In the 30 years since he wrote Observe the Sons of Ulster Marching Towards the Somme, Frank McGuinness's play has become a classic of 20th century Irish theatre.
On Wednesday night, it was performed for the first time in the place where McGuinness set the drama, facing the wooded knoll that the 36th Ulster Division attacked 100 years ago on Friday, with the loss of 2,000 lives.
It was an intense and emotional, never-to-be-repeated evening. Some 30 Irish, British and French theatre-goers joined old Kenneth Pyper, the fictional Somme veteran played by actor Seán McGinley, in communing with the ghosts of the First World War.
Over two hours, we watched eight young volunteers don green field uniforms and helmets, carry rifles and bayonets. They pair off: a cynical sculptor from a "swanky" family falls in love with a blacksmith from Enniskillen. Two Belfast shipyard workers are haunted by the sinking of the Titanic. A baker helps his life-long buddy, a weaver, to overcome his fear. A failed preacher is kept in line by the youngest recruit, who hides the fact his mother is Catholic.
Had he been told that his play would serve as Ireland’s contribution to centenary celebrations of the Battle of the Somme, and that it would be performed at the Ulster Tower, the oldest memorial on the Western Front, “I would not have believed it; I could not have believed it,” says McGuinness.
From a republican family in Donegal, McGuinness wrote the play while teaching at the University of Ulster in Coleraine. Before they go into battle, he learned, Protestant soldiers exchanged their Orange sashes. That historical detail inspired him to write the play.
"It was a great act of imagination by Frank," says Fiach MacConghail, director of the Abbey Theatre. "In the South, this play was the beginning of the understanding of a part of our culture that was never explained to us."
The Abbey continues to produce plays by northern writers, in the hope of fostering understanding. "In the South, people think the problem is solved," Mac Conghail explains. "It isn't. Integration between the communities hasn't happened, or is happening very slowly."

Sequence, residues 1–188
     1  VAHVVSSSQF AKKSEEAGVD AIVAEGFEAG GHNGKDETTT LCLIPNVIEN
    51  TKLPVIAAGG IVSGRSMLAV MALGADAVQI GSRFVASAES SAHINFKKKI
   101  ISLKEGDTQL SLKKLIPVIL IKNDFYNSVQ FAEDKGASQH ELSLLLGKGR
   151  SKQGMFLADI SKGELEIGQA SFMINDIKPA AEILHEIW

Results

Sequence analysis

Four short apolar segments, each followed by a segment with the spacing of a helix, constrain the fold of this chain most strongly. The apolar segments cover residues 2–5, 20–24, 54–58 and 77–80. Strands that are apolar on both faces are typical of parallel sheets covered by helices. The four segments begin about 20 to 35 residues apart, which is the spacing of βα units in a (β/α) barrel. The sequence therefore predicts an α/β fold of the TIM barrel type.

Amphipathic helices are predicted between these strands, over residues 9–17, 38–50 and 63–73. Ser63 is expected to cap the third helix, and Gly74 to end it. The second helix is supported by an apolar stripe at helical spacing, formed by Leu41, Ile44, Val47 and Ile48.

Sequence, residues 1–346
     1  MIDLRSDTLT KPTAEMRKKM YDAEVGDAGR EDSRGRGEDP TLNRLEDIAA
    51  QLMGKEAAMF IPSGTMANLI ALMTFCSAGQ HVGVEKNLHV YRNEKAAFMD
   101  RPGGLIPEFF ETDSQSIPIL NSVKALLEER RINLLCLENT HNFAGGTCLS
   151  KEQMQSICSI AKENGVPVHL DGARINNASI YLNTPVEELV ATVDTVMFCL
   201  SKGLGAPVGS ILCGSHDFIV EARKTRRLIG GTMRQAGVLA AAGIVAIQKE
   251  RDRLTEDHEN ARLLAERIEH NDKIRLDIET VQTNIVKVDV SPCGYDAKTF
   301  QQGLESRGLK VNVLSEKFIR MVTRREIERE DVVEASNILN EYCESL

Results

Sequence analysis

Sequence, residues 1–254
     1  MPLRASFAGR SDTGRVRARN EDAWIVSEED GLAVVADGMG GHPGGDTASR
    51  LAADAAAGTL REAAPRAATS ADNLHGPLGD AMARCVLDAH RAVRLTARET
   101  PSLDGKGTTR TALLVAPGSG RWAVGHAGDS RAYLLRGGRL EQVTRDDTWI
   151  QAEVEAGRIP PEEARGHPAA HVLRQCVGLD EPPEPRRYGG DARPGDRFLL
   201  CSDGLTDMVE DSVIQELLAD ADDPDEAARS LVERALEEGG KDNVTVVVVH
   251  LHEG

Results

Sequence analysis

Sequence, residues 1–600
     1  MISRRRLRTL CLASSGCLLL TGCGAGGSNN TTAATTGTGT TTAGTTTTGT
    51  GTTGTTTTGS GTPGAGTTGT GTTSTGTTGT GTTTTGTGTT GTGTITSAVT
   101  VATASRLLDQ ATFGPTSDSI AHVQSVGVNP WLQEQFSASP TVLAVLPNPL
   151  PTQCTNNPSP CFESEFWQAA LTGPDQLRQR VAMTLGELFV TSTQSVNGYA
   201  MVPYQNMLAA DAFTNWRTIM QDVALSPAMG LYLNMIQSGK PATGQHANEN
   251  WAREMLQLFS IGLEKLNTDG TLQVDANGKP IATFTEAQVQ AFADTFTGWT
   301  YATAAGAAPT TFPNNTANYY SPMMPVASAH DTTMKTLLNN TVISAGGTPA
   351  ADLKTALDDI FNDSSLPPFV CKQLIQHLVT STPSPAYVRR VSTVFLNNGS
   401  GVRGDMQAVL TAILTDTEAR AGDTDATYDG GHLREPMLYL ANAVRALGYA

Jeremy Herrin, the English director of the production, says epithets against "Taigs" and "Papists" are "historical realism, not shock tactics." The love story between young Pyper (Donal Gallery) and Daniel Craig (Ryan Donaldson), seems in tune with our times, though MacConghail admits "in the past there would have been a tension about it."
The 70th anniversary, for which he wrote the play, was barely noticed, McGuinness says. “The whole idea of commemoration has become much more popular. People are more willing to learn from the past, but also to say, ‘What courage.’ ”
The five-month battle claimed the lives of 420,000 British and Irish soldiers, with no decisive effect on the outcome of the war. “But if you see only the futility, you are missing something – the astounding sense of love between them,” McGuinness says. “If you don’t respect them, you are as bad as the generals who sent them to die; lions led by donkeys.”
Joseph Zimet, who heads the French first World War centenary mission, says he is thrilled with the Irish contribution. "Everyone else did military commemorations," Ambassador Geraldine Byrne-Nason explains. "Ours was the only cultural reaction."
One week after the Brexit vote, the play struck a European chord. “In the time that’s in it, it shows young Irish people understand what a European ideal was about,” the ambassador says.
The play was performed before a bigger audience on Thursday night in Amiens. The Irish-British production will now go to Belfast, Derry, Armagh, Coleraine, Donegal and the Abbey Theatre in Dublin.
Formal commemoration ceremonies will take place on Friday at the Thiepval monument, attended by British royalty, President Francois Hollande and President Michael D Higgins.
But no venue can replicate the power of the Ulster Tower, in the midst of the former battlefield. In drizzling rain among white birch trees as darkness fell, the illusion of a time warp was almost complete.
In the last and most powerful act, before dawn, the soldiers prepare to “go over the top”. To ward off their fear, they joke about the Easter rising (“this boy Pearse . . . who took over a post office because he was short of a few stamps”), play football, stage a mock battle between Kings James and William. The hymns they sing transport one back a century.
“This is the last battle. We are going to die,” Craig/Donaldson predicts. “Whoever comes back alive, if any of us do, will have died as well.”
Young Pyper/Gallery faces the German lines and exhorts the Lord to “Observe the Sons of Ulster marching towards the Somme.” The cry rises up and echoes across the hills of Picardy: “Ulster! Ulster! Ulster! . . . ”